How long does a trademark last?

A registered trademark, one registered with the United States Patent and Trademark Office (USPTO), lasts forever—so long as certain post-registration formalities are performed. Oftentimes, trademark registrants overlook this simple, yet critical fact. They invest time and money in obtaining their trademark but forget that it needs to be protected. Like any valuable asset, such as money, artwork, pets, jewelry, certain vehicles, homes, trademarks should be protected. So, to answer the question, how long does a trademark last, let’s look at the steps in the post-registration process:

Use it or Lose it!

The most important thing to keep in mind is that you MUST continue to use your trademark. This formality is required whether the trademark is register or whether you have common law priority. If you don’t use it, you will lose it. If you have a registered trademark, you must continue to use it in the way you stated in your Statement if Use.

Required Trademark Maintenance Filings.

There are two documents that must be filed in order to keep your trademark alive and one document that while not required, should be considered:

  1. Section 8 Declaration of Continued Use – Between years 5-6 from the date of registration, a trademark owner is required to file the Declaration of Continued Use. This document requires that the registrant (a) “declare” that they have continuously used their trademark for the previous 5 years, (b) used the mark in the way they said they were using it in the Statement of Use, and (c) submit specimens proving that use. There are severe penalties for committing fraud, stating that you have been using the trademark when in fact you have not.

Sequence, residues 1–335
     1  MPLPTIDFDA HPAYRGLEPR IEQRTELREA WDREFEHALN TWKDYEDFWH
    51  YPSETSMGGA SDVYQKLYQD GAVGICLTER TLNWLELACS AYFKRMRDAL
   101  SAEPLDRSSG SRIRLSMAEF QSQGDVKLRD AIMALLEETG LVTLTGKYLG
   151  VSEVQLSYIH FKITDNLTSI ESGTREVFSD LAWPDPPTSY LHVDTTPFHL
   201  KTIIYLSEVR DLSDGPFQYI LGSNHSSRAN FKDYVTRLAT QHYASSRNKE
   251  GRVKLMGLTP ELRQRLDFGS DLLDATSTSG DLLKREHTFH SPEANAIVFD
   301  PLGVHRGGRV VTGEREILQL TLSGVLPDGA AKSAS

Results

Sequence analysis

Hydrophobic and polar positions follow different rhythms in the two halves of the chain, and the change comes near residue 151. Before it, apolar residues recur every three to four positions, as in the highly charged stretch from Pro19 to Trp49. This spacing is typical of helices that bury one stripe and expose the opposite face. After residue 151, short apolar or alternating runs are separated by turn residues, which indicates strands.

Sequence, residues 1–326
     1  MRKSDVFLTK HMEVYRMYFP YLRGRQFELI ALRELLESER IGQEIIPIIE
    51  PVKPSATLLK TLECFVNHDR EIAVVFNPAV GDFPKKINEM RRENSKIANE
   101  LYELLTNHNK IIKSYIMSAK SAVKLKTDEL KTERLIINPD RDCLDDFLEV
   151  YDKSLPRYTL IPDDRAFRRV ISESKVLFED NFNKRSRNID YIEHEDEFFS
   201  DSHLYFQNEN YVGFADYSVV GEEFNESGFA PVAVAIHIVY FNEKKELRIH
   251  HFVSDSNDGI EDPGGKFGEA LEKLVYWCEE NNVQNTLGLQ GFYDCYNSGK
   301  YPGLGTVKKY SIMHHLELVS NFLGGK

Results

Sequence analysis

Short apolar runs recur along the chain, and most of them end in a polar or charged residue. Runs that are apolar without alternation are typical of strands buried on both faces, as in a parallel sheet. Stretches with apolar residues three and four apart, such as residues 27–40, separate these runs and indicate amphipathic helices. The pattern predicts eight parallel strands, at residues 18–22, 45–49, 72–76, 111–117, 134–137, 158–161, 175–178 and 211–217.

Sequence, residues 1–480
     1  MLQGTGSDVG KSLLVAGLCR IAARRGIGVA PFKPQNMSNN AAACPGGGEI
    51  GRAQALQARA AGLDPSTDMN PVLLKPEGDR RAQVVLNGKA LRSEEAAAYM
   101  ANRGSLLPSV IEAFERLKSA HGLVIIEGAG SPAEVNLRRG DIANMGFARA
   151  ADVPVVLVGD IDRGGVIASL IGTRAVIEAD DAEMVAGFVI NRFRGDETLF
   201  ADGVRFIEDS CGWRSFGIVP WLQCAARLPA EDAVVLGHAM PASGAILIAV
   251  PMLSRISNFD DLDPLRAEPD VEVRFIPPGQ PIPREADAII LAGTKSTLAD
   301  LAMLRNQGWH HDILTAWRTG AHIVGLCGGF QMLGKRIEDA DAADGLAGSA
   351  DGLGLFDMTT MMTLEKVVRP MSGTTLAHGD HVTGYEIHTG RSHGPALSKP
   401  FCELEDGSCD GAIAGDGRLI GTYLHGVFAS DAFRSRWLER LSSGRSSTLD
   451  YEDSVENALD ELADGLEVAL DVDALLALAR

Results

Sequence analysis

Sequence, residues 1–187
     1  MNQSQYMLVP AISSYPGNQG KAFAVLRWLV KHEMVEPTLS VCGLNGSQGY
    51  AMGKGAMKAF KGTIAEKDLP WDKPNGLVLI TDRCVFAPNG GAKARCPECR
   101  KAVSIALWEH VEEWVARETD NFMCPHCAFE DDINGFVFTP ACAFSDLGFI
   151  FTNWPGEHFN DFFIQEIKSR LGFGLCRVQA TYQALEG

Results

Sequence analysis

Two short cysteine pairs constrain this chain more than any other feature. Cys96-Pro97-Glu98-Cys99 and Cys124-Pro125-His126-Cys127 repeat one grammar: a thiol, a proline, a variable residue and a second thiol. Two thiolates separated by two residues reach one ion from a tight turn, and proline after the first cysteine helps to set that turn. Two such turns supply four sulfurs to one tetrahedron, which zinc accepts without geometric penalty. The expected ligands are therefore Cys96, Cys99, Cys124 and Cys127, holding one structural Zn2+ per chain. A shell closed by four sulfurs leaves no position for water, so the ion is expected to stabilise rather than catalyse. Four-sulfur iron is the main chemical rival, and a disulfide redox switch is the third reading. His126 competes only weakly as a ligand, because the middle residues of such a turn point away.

2. Section 9 Renewal – Every 10 years from the date of registration, the registrant is required to file for renewal. This is required so long as the registrant uses the trademark.
  3. Section 15 Declaration of Incontestability — There is an additional filing that is not mandatory, but strongly recommended.  Five years after registration, the trademark owner may (if they choose) file a Declaration of Incontestability. This makes it difficult for anyone to cancel your registration but for good reason.

Monitor Your Trademark.

Once you invest time and money in registering your mark, you have a responsibility to monitor it in the marketplace. Make sure no one else is using a similar trademark in a way that is likely to confuse consumers.

In Summary.

Use, File, and Monitor your registered trademark.

Francine D. Ward
Attorney-At-Law, Author, Speaker

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